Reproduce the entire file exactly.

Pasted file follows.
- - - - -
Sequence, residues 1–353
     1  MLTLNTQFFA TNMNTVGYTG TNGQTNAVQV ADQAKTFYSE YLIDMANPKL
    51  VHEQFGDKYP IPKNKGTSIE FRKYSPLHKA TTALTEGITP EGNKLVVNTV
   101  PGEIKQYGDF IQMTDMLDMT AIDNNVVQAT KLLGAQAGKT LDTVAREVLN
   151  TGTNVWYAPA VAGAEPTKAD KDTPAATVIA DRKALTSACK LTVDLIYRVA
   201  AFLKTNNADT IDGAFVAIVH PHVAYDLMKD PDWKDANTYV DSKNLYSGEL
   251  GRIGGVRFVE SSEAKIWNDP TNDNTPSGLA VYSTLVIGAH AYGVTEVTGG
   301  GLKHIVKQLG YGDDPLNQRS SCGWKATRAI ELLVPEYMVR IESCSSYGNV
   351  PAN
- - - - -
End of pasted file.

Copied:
Sequence, residues 1–353
     1  MLTLNTQFFA TNMNTVGYTG TNGQTNAVQV ADQAKTFYSE YLIDMANPKL
    51  VHEQFGDKYP IPKNKGTSIE FRKYSPLHKA TTALTEGITP EGNKLVVNTV
   101  PGEIKQYGDF IQMTDMLDMT AIDNNVVQAT KLLGAQAGKT LDTVAREVLN
   151  TGTNVWYAPA VAGAEPTKAD KDTPAATVIA DRKALTSACK LTVDLIYRVA
   201  AFLKTNNADT IDGAFVAIVH PHVAYDLMKD PDWKDANTYV DSKNLYSGEL
   251  GRIGGVRFVE SSEAKIWNDP TNDNTPSGLA VYSTLVIGAH AYGVTEVTGG
   301  GLKHIVKQLG YGDDPLNQRS SCGWKATRAI ELLVPEYMVR IESCSSYGNV
   351  PAN